Nowadays we measure everything from the size of stock exchange transactions to cholesterol rates, from the density of fine particles in the air to household happiness quotients. But the more society succumbs to this measuring frenzy, the less it seems to respect any sense of measure, of measuredness. As if measurements weren’t taken in order to safeguard that sense but, conversely, to obliterate it. As things now stand, we urgently need to recover from this blindness. But exhortations won’t be enough to achieve that: first we need to expose the intellectual matrix which induces the blindness – otherwise any effort to remedy our problems will be in vain and may even drive us further into the abyss.
This book aims to describe and understand how we have lost our sense of measure over the last centuries; and what we might use as a starting point for reclaiming it. Modern thinkers may mostly have ignored questions of scale and size, deeming them beneath their dignity, but the time has come to realise that size isn’t merely a parameter that we’re free to alter at will, but that it changes everything. Whether in our relationship with nature, in politics or ethics, it is vital to consider the issue of scale if we mean to lead a truly humane life and save everything from destruction..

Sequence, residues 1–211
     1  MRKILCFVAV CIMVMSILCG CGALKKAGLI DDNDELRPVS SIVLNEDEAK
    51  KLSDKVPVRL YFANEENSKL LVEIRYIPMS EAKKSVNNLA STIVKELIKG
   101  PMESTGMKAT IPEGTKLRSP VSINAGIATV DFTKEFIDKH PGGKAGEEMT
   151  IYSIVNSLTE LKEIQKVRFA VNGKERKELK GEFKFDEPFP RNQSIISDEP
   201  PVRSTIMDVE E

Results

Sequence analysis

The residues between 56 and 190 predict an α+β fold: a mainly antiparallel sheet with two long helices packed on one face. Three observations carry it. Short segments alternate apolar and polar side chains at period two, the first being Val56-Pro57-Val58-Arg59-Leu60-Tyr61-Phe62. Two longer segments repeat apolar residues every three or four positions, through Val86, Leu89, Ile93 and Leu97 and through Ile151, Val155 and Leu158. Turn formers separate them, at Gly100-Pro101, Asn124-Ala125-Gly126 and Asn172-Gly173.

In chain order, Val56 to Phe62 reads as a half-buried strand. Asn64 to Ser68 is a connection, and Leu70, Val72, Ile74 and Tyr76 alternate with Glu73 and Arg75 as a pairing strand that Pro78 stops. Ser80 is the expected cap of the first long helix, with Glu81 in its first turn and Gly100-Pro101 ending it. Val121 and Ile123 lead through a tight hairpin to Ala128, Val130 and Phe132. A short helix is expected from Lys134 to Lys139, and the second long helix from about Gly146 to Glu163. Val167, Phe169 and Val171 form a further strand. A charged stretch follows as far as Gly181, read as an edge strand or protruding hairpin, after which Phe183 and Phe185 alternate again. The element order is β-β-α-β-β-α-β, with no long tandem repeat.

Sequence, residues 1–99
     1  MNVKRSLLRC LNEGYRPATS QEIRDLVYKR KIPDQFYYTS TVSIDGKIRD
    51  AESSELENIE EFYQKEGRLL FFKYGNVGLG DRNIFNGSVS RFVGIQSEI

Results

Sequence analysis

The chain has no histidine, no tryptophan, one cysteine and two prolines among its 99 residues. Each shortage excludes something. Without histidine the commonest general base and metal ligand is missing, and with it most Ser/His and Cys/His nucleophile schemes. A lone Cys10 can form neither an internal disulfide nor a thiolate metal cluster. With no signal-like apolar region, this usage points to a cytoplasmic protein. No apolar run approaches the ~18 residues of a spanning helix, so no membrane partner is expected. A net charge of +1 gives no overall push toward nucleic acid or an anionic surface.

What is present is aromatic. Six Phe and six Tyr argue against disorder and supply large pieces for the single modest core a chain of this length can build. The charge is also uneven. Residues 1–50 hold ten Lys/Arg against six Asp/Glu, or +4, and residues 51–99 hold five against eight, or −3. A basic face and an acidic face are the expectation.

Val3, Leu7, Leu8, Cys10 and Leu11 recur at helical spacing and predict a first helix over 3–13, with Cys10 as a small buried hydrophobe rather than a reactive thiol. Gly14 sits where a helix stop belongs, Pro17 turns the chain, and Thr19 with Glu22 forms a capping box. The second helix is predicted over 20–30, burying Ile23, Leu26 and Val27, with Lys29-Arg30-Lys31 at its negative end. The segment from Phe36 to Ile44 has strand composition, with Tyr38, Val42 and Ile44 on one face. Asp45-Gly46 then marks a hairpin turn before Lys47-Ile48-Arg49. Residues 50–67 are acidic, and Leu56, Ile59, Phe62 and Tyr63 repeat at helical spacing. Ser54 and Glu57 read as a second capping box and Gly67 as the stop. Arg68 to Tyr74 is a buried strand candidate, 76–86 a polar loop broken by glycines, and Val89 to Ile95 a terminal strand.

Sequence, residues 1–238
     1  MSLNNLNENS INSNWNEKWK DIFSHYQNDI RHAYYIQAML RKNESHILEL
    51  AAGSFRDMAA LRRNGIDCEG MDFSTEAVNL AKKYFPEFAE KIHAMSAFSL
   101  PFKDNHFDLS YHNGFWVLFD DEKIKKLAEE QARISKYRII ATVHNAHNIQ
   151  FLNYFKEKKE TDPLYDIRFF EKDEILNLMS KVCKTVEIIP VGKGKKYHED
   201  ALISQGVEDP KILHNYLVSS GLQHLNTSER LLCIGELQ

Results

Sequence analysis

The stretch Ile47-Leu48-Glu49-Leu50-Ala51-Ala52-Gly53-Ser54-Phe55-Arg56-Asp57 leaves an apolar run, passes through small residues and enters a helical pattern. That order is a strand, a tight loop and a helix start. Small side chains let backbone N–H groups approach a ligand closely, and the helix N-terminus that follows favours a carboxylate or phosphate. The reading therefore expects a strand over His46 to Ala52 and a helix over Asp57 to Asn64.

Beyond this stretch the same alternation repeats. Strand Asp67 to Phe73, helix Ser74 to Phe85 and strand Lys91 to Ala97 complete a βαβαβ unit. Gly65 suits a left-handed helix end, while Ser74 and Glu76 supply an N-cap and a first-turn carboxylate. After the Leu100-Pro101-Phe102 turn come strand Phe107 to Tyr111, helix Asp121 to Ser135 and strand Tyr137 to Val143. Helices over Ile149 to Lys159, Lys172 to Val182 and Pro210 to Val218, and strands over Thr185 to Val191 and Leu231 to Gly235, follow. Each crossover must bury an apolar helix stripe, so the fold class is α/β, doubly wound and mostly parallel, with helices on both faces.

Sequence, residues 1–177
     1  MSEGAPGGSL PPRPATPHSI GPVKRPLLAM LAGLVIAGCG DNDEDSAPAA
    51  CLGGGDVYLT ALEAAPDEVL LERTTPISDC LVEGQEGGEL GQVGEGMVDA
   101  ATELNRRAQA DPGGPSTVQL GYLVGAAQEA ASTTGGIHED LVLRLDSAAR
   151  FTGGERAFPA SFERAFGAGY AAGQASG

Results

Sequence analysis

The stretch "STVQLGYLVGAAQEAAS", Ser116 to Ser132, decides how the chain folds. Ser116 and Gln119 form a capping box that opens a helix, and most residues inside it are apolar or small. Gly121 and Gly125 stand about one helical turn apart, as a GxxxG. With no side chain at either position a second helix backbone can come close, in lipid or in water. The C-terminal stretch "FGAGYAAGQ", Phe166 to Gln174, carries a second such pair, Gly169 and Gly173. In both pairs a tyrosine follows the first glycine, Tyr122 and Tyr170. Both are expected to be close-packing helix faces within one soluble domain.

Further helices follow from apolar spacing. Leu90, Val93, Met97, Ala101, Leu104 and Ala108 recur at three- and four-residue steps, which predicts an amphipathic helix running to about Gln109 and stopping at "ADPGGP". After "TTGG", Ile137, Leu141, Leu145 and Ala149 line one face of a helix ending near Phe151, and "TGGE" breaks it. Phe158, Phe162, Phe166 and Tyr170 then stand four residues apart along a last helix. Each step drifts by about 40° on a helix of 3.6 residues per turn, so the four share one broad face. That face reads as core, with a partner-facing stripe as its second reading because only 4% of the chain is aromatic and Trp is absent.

Olivier Rey is a researcher at CNRS, a mathematician and a philosopher. He has been teaching mathematics at the École polytechnique and today teaches philosophy at the Panthéon-Sorbonne University. He is the author of several essays: Itinéraire de l’égarement: Du Rôle de la science dans l’absurdité contemporaine (Le Seuil, 2003), Une folle solitude: Le Fantasme de l’homme auto- construit (Le Seuil, 2006) and Le Testament de Melville (Gallimard, 2011). He has also written two novels, Le Bleu du sang (Flammarion, 1994) et Après la chute (PGDR, 2014).
Ce livre s’attache à décrire et comprendre par quelles voies, au cours des derniers siècles, nous avons perdu la mesure. Et aussi ce sur quoi nous pourrions nous fonder pour la retrouver, afin de mener une vie authentiquement humaine.